06 JAN 2018 by ideonexus

 The Case Against Reading Too Broadly

The real problem with telling young writers to fan out across genres and forms is that it doesn’t help them find a voice. If anything, it’s antivoice. Learning the craft of writing isn’t about hopping texts like hyperlinks. It’s about devotion and obsession. It’s about lingering too long in some beloved book’s language, about steeping yourself in someone else’s style until your consciousness changes colour. It’s Tolkien phases and Plath crushes. It’s going embarrassingly, un...
  1  notes
 
02 JAN 2012 by ideonexus

 Humphry Davy's Wife Doesn't Like Michael Faraday

She in turn may also have found Faraday physically awkward, and even irritating. He was small and stocky — not more than five foot four — with a large head that always seemed slightly too big for his body. His broad, open face was surrounded by an unruly mass of curling hair parted rather punctiliously in the middle (a style he never abandoned). His large, dark, wide-apart eyes gave him a curious air of animal innocence. He spoke all his life with a flat London accent (no match for Jane...
  1  notes

An amusing description of the physicist, who was widely respected as a lecturer, but disliked by the social woman.

10 AUG 2011 by ideonexus

 Watson's Perception of Pauling's Rhetorical Flare in His ...

By the time I was back to Copenhagen, the journal containing Linus' article had arrived from the States. I quickly read it and immediately reread it. Most of the language was above me, and so I could only get a general impression of his argument. I had no way of judging whether it made sense. The only thing I was sure of was that it was written with style. A few days later the next issue of the journal arrived, this time containing seven more Pauling articles. Again the language was dazzling ...
Folksonomies: history science rhetoric
Folksonomies: history science rhetoric
  1  notes

Watson makes a clever and critical note about Pauling's use of style over substance in his published papers.

28 JUL 2011 by ideonexus

 Children are Scientists

Thousands of experiments confirm that babies learn about their environment through a series of increasingly self-corrected ideas. They experience sensory observations, make predictions about what they observe, design and deploy experiments capable of testing their predictions, evaluate their tests, and add that knowledge to a self-generated, growing database. The style is naturally aggressive, wonderfully flexible, and annoyingly persistent. They use fluid intelligence to extract information,...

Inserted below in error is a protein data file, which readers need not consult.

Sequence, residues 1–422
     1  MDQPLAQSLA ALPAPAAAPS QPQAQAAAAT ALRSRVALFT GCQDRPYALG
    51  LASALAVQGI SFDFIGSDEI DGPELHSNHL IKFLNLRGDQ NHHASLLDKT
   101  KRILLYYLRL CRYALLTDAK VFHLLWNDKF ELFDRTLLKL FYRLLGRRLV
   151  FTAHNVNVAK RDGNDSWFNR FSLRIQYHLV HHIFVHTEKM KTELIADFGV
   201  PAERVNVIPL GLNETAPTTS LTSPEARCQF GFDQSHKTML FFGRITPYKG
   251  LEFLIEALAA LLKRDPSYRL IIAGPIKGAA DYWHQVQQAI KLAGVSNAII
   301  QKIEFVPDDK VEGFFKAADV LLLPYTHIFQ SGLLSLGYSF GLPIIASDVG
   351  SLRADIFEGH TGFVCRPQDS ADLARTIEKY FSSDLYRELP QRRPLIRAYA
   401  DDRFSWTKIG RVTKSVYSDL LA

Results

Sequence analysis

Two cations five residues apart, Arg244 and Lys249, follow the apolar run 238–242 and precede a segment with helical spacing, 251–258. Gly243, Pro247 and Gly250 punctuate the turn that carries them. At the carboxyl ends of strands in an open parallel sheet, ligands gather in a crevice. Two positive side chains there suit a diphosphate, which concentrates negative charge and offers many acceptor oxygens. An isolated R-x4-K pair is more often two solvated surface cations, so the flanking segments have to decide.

1  notes

They explore, test hypotheses, and record everything in memory to understand the world.

07 MAR 2011 by ideonexus

 Advice for Communicating with Trolls Properly

Some Advice for Communicating with Trolls Properly Relax: don't worry if you don't get everything exactly right. Communicate clearly: write in the best spelling, grammar, punctuation, capitalisation, idiomatic speech, etc. that you can, no matter how bad the troll's messages were in this respect. It may be a good idea to avoid too high or complicated words, because many foreign speakers of English often have poor English vocabulary. Don't criticise what he says directly or the way he...
  1  notes

Things to keep in mind and practice when arguing with Trolls.

17 JAN 2011 by ideonexus

 About Science Online 2011

ScienceOnline2011 is the fifth annual international meeting on Science and the Web. On January 13-15th, 2011 the Research Triangle area of North Carolina will once again host scientists, students, educators, physicians, journalists, librarians, bloggers, programmers and others interested in the way the World Wide Web is changing the way science is communicated, taught and done. As in all the previous years, the meeting will be held in an ‘Unconference’ style – the Program is built befor...
  1  notes

Two quote from the Science Online 2011 website summarizing the conference.

01 JAN 2010 by ideonexus

 How do We Fix Spelling?

...it can be argued, perhaps, if they wish, that it's a question of style and beauty in the language, and that to make new words and new parts of speech might destroy that. But they cannot argue that respelling the words would have anything to do with the style. There's no form of art form or literary form, with the sole exception of crossword puzzles, in which the spelling makes a bit of difference to the style. And even crossword puzzles can be made with a different spelling. And if it's no...
Folksonomies: phonetics
Folksonomies: phonetics
  1  notes

If we can write words with letters from the English alphabet to phonetically reproduce words in other languages, like Mandarin or ARabic, then why can we not rearrange the letters in our own words to phonetically match the way they sound when we speak them?